Think about this from the other direction. Currently, for every 1000 players, 80 bought the game and 920 are playing a free, pirated version. So the company makes around 80 x $20 = $1,600. If they were to eliminate piracy, they would sell one additional game, so their revenue would be $1,620.

At a recent panel on casual games, Alex St John said that he was able to sell advertising to support casual games monetizing at 15c/gameplay and that he was sold out of inventory.

To make $1,620 on advertising at 15c/gamplay, the 1000 players would on average need to play the game about 11 times each, which doesn’t seem unreasonable. (This assumes that the source of advertising dollars will be scalable.)

If you add to this a digital goods opportunity, the alternative becomes more interesting. Daniel James (CEO of Three Rings) has said in the past that the ARPU from digital goods is about the same as that from subscription, but with a distribution curve that looks more like a power curve – some heavy spenders and a long tail. An industry rule of thumb for digital goods monetization is around 5-10% of players will pay. Applying the same metrics to this game suggest a digital goods revenue stream in the $1,000-$2,000 range, incremental to the advertising revenue.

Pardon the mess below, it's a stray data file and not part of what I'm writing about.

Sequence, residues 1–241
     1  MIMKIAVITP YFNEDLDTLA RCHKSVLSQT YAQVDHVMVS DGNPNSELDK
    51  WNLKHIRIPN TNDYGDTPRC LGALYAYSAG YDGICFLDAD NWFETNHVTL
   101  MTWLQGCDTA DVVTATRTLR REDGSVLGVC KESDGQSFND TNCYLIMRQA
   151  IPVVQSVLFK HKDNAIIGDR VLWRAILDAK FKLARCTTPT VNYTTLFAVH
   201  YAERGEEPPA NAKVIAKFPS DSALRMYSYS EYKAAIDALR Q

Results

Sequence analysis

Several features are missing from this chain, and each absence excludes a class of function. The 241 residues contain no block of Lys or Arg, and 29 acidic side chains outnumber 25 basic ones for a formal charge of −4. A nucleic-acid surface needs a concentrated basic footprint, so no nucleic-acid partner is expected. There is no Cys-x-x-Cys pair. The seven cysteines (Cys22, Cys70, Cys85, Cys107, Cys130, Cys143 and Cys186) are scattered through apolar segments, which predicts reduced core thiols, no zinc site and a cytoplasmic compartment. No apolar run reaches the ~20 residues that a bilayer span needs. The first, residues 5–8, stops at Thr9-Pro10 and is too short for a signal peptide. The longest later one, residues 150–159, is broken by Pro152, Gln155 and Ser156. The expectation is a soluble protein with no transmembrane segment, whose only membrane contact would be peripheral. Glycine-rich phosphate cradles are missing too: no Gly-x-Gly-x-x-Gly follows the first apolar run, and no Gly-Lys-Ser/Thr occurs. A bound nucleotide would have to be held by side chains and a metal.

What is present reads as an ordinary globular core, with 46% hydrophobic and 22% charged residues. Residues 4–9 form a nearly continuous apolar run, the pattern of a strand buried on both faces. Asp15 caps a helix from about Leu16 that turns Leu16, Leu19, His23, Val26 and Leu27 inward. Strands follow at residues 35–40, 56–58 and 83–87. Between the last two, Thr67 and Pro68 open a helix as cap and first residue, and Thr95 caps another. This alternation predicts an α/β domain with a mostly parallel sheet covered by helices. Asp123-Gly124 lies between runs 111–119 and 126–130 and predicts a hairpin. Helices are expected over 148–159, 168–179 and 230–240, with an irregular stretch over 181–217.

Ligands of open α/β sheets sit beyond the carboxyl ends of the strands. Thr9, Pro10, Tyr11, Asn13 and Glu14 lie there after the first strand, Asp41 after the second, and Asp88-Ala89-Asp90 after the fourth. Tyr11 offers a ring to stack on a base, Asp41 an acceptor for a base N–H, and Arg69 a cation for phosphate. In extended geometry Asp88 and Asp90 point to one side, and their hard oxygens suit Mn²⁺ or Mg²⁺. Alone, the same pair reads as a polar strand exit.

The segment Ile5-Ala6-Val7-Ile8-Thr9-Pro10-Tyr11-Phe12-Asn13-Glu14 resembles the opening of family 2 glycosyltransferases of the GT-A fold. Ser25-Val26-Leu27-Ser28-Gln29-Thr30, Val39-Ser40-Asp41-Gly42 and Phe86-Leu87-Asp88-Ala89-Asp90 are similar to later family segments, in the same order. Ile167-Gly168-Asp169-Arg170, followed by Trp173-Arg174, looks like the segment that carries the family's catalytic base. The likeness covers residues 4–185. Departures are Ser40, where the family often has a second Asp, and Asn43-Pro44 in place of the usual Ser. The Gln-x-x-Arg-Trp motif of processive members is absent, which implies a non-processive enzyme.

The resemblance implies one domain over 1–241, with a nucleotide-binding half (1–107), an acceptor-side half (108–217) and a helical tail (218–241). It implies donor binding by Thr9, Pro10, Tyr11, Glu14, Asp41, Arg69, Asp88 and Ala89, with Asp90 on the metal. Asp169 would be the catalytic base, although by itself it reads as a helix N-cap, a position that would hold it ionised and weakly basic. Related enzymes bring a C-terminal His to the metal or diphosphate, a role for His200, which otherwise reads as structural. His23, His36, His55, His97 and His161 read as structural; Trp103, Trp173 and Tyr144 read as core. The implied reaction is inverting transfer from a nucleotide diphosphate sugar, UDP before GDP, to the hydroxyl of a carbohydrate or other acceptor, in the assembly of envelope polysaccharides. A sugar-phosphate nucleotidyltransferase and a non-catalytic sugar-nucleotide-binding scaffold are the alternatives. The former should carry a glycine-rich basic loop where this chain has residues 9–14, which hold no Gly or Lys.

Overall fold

And finally, this doesn’t even begin to address the question on how many more players will play the game if the free period is not limited to 60 minutes. These incremental players all become candidates for monetization by both advertising and digital goods. Crossing the Penny Gap can dramatically cut the universe of users, as Josh Kopelman has noted before.

I would advise game designers to consider baking digital goods and advertising opportunities into the core mechanics of their new games so that they have the flexibility to explore both these business models as well as the proven subscription model.

UPDATE: Carroll has more data on his casual game pirating experience here.

Comments»

1. Tomorrow’s Toy Soldiers: Virtual Goods Lessons from Tabletop Games « Virtual Goods Insider - March 1, 2008

[…] is currently a raging debate about whether the MMO industry will move to a free-to-play model with virtual goods driving revenue […]